We receive several calls from employers and individuals Nationwide seeking advice on what is a DOT refusal to test? A DOT refusal to test could mean several different things and we recommend you refer to your company’s drug free workplace policy or 49 cfr part 40 to review these specific requirements. This blog will outline the most common scenarios discussed in CFR 40.191 sub part l – Problems in Drug Tests.
It is our hope that this summary will assist you in understanding what is a refusal to test as it relates to a DOT Drug or alcohol test and if so what are the consequences of the refusal. We will attempt to outline major talking points in this summary, but we recommend familiarizing yourself with part 40 in its entirety. (Click here to download 49 CFR Part 40)
What is a DOT refusal to test and what are the consequences?
Employees play a major role in a refusal to test scenario. Employers, individuals, collection sites, collectors and DER’s should be aware of the common issues which could be considered a refusal to test. The specific refusal scenarios listed in 49 CFR part 40 cover the collection process and some refusals and some refusals are easily identifiable while others require more verification.
If employee(s) find themselves in any of the scenarios below, it could be a refusal to test under CFR 49 Part 40.
(1) if an employee fails to appear for any test (random, reasonable suspicion, post-accident, return to duty or follow up) within a reasonable time, as determined by the employer, consistent with applicable DOT agency regulations, after being directed to do so by the employer. This rule would also apply to an employee (including an owner-operator) to appear for a test when called by a C/TPA (see §40.61(a)); One exception applies to a pre-employment drug screening which does not fall under this section of the regulation.
(2) employee fails to remain at the testing/collection site until the collection process is complete. If an employee leaves the testing/collection site before the testing process begins (see §40.63) and only as it relates to a pre-employment test is not deemed to have refused to test.
(3) Employee fails to provide a urine specimen for any drug test required by this part or DOT agency regulations. If an employee leaves the testing/collection site before the testing process begins (see §40.63) and only as it relates to a pre-employment test is not deemed to have refused to test.
(4) If the employee is required to have a directly observed or monitored collection in a drug test and does not allow or permit the observation or monitoring of the specimen being provided.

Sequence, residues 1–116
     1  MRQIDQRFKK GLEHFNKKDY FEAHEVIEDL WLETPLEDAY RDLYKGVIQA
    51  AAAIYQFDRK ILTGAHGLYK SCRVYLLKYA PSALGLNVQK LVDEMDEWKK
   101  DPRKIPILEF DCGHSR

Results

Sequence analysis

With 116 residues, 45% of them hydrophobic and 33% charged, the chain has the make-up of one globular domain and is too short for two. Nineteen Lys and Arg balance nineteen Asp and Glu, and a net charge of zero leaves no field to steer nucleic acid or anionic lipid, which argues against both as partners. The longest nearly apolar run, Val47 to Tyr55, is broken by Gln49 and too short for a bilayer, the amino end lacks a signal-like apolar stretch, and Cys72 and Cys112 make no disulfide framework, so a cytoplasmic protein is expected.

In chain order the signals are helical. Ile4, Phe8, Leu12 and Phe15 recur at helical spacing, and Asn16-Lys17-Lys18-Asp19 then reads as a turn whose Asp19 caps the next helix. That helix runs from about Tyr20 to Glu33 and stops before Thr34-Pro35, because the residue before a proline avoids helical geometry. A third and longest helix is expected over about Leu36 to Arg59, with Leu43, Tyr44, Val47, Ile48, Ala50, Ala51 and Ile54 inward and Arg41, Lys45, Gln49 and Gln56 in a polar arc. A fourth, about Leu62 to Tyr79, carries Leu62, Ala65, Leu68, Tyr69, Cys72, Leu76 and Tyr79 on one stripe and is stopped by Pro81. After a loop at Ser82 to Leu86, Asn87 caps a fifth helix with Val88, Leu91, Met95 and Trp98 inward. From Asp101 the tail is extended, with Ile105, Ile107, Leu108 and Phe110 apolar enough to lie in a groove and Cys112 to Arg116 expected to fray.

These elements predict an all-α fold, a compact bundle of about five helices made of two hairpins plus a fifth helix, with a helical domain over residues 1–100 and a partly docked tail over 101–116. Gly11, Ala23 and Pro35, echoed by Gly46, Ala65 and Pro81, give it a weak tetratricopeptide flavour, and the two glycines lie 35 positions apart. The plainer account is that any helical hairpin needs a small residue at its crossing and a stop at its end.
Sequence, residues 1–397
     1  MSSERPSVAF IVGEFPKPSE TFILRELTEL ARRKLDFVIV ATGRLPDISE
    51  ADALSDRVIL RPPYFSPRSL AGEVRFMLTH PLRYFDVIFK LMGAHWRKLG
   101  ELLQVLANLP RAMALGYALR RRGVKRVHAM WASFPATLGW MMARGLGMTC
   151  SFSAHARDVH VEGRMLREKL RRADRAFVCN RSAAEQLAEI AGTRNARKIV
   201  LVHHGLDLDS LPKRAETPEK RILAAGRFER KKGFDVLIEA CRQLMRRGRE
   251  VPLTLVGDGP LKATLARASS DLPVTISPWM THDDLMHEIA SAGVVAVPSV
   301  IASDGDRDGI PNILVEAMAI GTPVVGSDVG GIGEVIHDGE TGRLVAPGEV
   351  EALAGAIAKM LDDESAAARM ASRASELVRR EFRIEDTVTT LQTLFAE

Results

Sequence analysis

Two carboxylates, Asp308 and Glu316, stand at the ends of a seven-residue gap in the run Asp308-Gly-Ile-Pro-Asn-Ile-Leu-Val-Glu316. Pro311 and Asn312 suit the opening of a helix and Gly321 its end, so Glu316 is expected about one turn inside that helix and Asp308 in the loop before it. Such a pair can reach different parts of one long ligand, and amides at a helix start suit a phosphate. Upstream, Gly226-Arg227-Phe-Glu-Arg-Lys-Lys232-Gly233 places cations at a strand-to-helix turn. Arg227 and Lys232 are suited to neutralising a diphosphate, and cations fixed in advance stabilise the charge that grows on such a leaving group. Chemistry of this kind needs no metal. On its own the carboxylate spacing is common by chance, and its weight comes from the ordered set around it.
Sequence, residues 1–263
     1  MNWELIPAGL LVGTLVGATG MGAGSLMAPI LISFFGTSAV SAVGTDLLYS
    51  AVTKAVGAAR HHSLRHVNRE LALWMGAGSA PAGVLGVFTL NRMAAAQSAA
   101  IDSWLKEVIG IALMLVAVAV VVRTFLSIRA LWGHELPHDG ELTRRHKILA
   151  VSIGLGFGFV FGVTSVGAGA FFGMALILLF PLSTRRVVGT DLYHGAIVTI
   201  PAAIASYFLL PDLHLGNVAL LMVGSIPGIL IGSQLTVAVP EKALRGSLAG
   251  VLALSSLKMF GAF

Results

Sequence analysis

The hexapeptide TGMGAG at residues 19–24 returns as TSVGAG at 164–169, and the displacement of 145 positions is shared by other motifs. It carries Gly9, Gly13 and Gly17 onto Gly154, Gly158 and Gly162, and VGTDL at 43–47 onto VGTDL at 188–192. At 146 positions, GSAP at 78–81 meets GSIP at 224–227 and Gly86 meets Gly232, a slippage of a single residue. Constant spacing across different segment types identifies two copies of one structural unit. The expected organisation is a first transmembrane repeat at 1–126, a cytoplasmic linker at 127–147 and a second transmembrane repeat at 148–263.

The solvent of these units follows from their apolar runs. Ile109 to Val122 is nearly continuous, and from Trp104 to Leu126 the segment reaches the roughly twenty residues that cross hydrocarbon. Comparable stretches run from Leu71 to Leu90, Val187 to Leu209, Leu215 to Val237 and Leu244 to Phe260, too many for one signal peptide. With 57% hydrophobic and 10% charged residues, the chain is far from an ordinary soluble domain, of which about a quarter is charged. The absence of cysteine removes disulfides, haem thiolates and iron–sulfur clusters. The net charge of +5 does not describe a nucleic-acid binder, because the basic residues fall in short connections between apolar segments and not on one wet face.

(5) an employee fails to provide a sufficient amount of urine when directed (45mL) and it has been determined, through a required medical evaluation that there was no adequate medical explanation for the failure.
(6) employee fails or declines to take an additional drug test the that employer or collector has directed you to take.
(7) Fail to undergo a medical examination or evaluation, as directed by the MRO as part of the verification process, or as directed by the DER under §40.193(d). In the case of a pre-employment drug test, the employee is deemed to have refused to test on this basis only if the pre-employment test is conducted following a contingent offer of employment. If there was no contingent offer of employment, the MRO will cancel the test; or
(8) Fail to cooperate with any part of the testing process (e.g., refuse to empty pockets when directed by the collector, behave in a confrontational way that disrupts the collection process, fail to wash hands after being directed to do so by the collector).
(9) For an observed collection, fail to follow the observer’s instructions to raise your clothing above the waist, lower clothing and underpants, and to turn around to permit the observer to determine if you have any type of prosthetic or other device that could be used to interfere with the collection process.
(10) Possess or wear a prosthetic or other device that could be used to interfere with the collection process. (an employee leaves the testing/collection site before the testing process begins (see §40.63) and only as it relates to a pre-employment test is not deemed to have refused to test.
(11) Admit to the collector or MRO that you adulterated or substituted the specimen.
How does a DOT refusal to test affect me?
Refusing to submit to a DOT drug or alcohol test is typically equivalent to a positive DOT drug or alcohol test. Designated employer representatives must ensure that they immediately remove the particular employee from performing any safety-sensitive functions (i.e., driving CMVs), refer the employee to a qualified Substance Abuse Professional and may not return into the safety sensitive function until successful completion of the return-to-duty process with a DOT-qualified substance abuse professional.
What is the Designated Employer Representative (DER) role in a DOT refusal to test?
Who can determine a refusal to test for a DOT drug or alcohol test?
For more information on the DOT drug testing process call us today 800-977-8664 or click here to send us a message!